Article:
Question: It has been four months since my husband died unexpectedly from a heart attack. I am now a single parent to our two sons who are trying to adjust to a new life without their dad. As you can imagine, it has been a challenge to support them and to help them deal with their feelings of loss and sadness, and on top of this, to manage my own feelings in a way that doesn’t add an extra burden to what they are already carrying. Now our first fatherless Father’s Day is approaching and I feel completely at a loss as to how to navigate this day in a way that minimizes the grief my sons are dealing with yet allows them to celebrate the father they loved.
What I do know is that I don’t want to go out to places where families will be celebrating as this would only intensify our sense of loss and the feeling that we are now different and somehow incomplete. Staying home doesn’t feel quite right either as it would just feel like another Sunday — only one without the Dad who was central to our lives. The idea of doing something silly and fun seems almost disloyal, as though feeling happy means that we didn’t love him enough if we can move on so quickly without him.
Do you have any thoughts or suggestions as to how we can observe this day in a way that focuses on happy memories, celebrates who he was and will continue to be in our hearts and allows us to be together as the new family we are now?
-Grieving Widow and Mom
Dear Grieving Widow and Mom,
Let me begin by saying how very sorry I am for your loss. Losing a spouse suddenly is a devastating blow. Add to this the additional challenge of suddenly being a single Mom to two sons and it’s hard to even imagine — let alone cope with. But cope with it you must, so here are some things to think about as you plan this first Father’s Day without him.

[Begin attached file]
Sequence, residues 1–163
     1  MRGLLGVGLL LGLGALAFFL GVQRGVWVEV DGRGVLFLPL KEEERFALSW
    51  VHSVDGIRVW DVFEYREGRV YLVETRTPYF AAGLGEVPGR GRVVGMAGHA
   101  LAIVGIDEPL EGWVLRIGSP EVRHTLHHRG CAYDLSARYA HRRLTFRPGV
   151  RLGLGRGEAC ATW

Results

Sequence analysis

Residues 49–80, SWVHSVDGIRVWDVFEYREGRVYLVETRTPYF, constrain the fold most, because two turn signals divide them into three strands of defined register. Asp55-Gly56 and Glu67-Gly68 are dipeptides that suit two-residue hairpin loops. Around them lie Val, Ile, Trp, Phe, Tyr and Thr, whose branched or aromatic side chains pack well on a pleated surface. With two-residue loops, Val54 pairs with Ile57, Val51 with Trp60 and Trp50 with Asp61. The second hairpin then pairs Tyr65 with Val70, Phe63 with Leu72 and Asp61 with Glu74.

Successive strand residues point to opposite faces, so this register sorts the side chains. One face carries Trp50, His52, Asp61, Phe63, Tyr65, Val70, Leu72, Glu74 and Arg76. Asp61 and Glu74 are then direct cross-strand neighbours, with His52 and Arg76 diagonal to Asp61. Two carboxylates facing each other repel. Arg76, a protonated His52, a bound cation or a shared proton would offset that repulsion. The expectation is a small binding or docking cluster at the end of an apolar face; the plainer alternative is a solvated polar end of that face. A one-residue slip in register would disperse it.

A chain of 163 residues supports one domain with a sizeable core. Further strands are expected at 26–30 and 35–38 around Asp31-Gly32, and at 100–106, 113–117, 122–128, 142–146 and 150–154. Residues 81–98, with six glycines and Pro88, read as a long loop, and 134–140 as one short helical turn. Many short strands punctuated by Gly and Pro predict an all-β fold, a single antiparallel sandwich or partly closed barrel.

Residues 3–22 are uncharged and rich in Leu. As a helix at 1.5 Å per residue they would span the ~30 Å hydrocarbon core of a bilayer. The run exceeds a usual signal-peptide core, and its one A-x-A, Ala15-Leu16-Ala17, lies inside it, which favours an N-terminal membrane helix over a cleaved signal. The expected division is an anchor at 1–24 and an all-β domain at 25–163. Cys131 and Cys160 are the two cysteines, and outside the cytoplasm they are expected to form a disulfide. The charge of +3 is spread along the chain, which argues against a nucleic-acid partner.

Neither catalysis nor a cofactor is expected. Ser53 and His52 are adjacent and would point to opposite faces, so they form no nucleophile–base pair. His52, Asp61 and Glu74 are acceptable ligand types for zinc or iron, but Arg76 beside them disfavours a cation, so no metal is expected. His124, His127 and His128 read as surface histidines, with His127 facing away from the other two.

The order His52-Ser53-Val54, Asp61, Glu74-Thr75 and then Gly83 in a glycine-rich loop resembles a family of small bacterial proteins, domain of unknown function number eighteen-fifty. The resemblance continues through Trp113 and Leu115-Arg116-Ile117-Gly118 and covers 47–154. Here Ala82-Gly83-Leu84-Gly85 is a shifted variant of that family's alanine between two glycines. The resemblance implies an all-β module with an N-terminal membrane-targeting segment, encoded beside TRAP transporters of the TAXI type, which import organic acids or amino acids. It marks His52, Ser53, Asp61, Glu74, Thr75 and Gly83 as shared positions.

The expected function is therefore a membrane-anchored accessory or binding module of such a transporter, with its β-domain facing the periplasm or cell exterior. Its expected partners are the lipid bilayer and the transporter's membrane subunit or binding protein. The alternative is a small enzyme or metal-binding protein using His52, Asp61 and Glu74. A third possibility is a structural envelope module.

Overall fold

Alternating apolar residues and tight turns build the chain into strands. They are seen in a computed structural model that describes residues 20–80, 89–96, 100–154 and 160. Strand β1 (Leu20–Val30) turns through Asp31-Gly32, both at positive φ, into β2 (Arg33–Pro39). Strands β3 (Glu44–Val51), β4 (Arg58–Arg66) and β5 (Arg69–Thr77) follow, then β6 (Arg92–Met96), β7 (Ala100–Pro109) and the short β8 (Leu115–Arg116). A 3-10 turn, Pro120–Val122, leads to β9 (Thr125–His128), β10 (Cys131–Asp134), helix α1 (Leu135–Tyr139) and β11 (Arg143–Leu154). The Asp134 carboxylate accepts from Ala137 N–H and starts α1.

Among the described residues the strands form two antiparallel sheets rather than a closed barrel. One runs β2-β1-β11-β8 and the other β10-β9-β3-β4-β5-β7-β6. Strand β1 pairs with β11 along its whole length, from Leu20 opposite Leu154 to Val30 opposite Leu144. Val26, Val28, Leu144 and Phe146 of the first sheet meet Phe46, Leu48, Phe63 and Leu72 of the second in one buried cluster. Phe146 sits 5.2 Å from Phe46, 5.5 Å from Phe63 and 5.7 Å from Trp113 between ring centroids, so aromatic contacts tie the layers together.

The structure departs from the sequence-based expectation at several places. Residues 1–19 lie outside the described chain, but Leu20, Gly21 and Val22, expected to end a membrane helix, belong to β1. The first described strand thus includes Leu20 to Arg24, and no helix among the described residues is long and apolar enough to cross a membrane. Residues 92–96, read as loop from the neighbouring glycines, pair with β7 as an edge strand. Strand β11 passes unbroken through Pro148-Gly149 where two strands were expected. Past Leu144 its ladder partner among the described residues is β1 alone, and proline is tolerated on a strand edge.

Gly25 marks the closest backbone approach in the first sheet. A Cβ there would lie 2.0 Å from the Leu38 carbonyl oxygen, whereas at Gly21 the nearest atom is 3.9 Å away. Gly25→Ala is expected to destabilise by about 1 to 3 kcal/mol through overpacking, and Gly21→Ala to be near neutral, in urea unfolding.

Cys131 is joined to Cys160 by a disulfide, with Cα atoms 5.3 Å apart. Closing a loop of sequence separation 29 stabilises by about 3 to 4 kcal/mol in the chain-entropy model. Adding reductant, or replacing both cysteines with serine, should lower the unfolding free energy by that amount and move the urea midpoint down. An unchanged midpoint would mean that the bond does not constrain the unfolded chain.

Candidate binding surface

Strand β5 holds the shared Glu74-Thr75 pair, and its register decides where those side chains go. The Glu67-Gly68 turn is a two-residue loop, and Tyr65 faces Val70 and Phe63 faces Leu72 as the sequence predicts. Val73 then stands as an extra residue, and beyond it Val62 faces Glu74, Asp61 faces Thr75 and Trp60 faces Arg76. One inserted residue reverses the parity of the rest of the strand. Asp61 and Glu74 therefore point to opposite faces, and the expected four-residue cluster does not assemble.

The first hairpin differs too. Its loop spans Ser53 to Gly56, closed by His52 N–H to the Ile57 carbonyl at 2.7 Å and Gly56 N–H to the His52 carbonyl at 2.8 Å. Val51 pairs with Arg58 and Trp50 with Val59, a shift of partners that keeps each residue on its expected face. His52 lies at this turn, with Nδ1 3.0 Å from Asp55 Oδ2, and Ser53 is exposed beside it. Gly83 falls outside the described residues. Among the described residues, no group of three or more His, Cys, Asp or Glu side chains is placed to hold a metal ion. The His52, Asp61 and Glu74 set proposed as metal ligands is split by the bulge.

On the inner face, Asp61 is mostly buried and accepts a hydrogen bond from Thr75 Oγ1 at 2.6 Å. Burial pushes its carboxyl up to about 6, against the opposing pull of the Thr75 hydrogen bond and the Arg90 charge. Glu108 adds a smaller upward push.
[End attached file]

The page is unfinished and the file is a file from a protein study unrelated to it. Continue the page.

Ask for input
It can be very difficult for young males to articulate feelings, especially vulnerable ones like grief and loss. Rather than trying to elicit these directly, ask them what they want to do for this first Father’s Day. Keep your request open-ended, letting them know you really want their thoughts and input. Reassure them that you are open to all possibilities, and be sure to throw your own ideas into the mix. Then decide on a plan as a family unit if possible. This is one step toward functioning as the changed family that fate has created.
Make a plan
You don’t have to do this all alone. You have your sons, extended family and friends to help you. Ask the people you are closest to for ideas and suggestions, and consider marking the day by celebrating your father, father-in-law and other special dads along with your late husband. If your dad or your father-in-law is deceased, you could start a new tradition like a memory day of the dads you have lost but who live on through all they have left behind. You could do this by planning an activity your husband or one of these other dads loved to do or something you shared as a family like biking, fishing, a favorite spectator sport, a picnic or a day trip. Anything meaningful that you all would enjoy is a great start.
Consider incorporating a ritual like visiting the cemetery where your late spouse is buried or the place where his ashes were spread. You could write a letter to read quietly to him together or with each of you writing and sharing your own. Releasing a bunch of balloons with a note attached is also a way of "speaking" to Dad.
You will work through your grief together and separately by meeting one challenge at a time. And yes, you will laugh again and feel joy and find a new life without your husband and the father of your children. Your sadness will subside along with the guilt and what-ifs. Just remember to reach out to those around you who love you and knew and loved him. They need to grieve as well and what better way than to be there for the family your husband left behind.
Toni Coleman, LCSW, is a licensed psychotherapist. She is a well-known relationship expert and author, working with many publications, television and radio programs. Follow her on Twitter @CoachToni and FB at www.facebook.com/coachtoni.coleman. Toni writes for HopeAfterDivorce.org and FamilyShare.com.